It starts with the best two-for-one recipe I know: fried, crispy garlic, which leaves you not just with the irresistible crunchy garlic pieces, but also with fragrant garlic oil. This combo is the backbone of so many of Chris’s dishes. They normally make it in a gigantic kawali (a.k.a. a Filipino wok) that once belonged to their grandmother, enough at one time to make dozens of portions of garlic fried rice, pancit and more.


Once the garlic is crisped and set aside to cool, Chris adds even more fresh minced garlic to the oil along with ginger and onions. When those have softened, in go mushrooms to get browned. Chris adds vegetable broth (Chris, like me, is a fan of Better Than Bouillon to speed things along), soy sauce and a shiitake stir-fry sauce in place of the oyster sauce typically used in pancit. (“This is the secret ingredient,” Chris tells me when I ask whether it’s okay to share the secret. I’m the first person they’ve ever shared this with publicly, they tell me. I feel very honored by this, and I hope you do, too.) Then, the star of the show, the pancit noodles, get placed in the simmering mixture to cook, absorbing all of that flavor as they soften. Finally, more fresh vegetables join the wok party: snap peas, shredded cabbage and carrots.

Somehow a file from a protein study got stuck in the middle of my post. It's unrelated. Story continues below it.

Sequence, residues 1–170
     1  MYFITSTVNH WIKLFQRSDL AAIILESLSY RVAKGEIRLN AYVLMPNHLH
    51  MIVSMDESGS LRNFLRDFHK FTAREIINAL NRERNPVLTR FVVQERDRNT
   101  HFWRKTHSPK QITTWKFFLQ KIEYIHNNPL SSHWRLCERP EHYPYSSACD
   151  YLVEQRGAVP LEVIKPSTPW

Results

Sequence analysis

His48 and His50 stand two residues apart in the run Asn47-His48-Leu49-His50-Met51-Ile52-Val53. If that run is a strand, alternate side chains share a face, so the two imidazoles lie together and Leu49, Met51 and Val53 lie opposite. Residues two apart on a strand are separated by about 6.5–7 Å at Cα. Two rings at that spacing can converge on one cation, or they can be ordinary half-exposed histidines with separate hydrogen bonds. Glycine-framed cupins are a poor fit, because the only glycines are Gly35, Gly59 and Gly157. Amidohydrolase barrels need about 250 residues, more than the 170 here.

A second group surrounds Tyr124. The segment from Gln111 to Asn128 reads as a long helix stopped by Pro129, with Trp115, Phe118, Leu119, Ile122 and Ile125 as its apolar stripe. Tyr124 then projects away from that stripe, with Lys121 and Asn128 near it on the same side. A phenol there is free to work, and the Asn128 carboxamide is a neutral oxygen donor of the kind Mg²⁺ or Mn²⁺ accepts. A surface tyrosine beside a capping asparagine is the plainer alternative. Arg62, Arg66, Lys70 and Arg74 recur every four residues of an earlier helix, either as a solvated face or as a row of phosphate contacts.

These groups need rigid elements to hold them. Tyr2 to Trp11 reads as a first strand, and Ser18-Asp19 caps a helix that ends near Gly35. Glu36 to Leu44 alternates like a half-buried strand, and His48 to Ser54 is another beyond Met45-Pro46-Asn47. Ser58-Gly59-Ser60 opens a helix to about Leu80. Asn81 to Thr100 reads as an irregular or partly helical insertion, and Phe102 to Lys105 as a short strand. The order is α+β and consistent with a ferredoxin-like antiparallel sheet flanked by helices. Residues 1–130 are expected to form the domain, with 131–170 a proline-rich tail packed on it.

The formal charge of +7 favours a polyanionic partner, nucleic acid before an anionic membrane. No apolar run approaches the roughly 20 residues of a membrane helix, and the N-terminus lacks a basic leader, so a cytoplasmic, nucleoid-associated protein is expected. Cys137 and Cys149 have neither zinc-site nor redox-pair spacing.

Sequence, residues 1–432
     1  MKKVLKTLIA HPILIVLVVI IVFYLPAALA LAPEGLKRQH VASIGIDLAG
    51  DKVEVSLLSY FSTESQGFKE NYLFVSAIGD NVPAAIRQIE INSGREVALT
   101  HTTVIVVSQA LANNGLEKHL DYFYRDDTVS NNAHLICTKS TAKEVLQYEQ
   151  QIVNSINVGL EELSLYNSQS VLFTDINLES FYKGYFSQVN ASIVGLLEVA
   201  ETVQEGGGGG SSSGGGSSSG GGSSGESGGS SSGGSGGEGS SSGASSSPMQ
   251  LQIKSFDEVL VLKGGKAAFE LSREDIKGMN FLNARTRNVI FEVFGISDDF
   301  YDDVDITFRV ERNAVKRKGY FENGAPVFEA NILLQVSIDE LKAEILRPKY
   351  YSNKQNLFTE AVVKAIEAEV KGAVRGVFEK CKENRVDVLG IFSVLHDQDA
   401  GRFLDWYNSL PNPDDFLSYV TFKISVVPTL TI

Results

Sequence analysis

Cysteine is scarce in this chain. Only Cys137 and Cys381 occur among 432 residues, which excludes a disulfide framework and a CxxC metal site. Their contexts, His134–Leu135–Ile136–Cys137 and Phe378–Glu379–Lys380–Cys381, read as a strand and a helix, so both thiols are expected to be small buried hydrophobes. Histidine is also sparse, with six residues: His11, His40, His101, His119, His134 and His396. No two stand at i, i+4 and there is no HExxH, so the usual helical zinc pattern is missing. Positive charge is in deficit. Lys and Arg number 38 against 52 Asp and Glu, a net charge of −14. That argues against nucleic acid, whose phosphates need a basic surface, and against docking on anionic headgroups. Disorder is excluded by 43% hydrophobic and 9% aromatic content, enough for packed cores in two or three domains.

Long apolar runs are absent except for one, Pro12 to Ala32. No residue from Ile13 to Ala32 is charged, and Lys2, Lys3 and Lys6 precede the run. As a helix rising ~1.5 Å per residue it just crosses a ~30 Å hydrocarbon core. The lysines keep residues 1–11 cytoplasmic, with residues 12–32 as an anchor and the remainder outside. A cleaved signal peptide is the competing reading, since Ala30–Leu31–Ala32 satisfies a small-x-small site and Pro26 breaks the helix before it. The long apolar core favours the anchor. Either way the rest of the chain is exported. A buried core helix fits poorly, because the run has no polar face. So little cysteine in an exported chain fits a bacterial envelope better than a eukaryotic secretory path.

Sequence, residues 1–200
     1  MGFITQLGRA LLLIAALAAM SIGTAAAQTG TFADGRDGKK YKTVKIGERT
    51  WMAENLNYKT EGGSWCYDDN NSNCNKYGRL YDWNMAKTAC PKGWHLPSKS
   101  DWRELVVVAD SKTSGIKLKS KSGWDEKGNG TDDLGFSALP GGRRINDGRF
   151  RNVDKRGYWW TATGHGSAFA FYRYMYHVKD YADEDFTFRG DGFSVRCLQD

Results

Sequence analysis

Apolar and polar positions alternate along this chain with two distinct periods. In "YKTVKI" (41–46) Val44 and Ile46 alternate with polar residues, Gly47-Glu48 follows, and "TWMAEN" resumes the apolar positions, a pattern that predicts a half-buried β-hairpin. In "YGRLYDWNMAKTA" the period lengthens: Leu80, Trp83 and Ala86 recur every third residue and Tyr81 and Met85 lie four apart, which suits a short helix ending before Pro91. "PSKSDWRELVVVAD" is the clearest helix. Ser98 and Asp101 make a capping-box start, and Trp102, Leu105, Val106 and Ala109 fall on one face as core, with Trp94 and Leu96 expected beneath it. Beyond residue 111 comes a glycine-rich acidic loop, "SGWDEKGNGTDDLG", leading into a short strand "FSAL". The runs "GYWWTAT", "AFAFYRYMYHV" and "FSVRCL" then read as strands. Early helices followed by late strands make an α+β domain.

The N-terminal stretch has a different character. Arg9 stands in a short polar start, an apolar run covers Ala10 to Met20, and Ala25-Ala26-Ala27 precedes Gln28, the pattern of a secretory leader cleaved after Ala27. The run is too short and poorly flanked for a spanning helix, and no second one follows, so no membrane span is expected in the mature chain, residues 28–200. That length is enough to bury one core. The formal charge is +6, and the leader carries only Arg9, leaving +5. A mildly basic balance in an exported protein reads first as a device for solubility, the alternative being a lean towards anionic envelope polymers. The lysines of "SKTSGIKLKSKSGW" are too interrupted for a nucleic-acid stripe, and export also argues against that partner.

Chris serves the noodles sprinkled not only with the crispy garlic, but also with thinly sliced scallions, lots of freshly cracked black pepper and big lemon wedges for squeezing on top. While the noodles are wonderfully versatile (you could incorporate different vegetables or start the process with cubed boneless chicken thighs or thinly sliced Chinese sausage), it’s the topping quadfecta – savory fried garlic, herbaceous scallions, spicy black pepper and tart lemon – that is key. Together, the toppings bring a deep-yet-bright harmony to the whole dish.

Thank you to Chris for sharing this lovely recipe with us and to both them and Eva for running such a kind, thoughtful business that helps me feel even more at home in the place I am so happy to call home.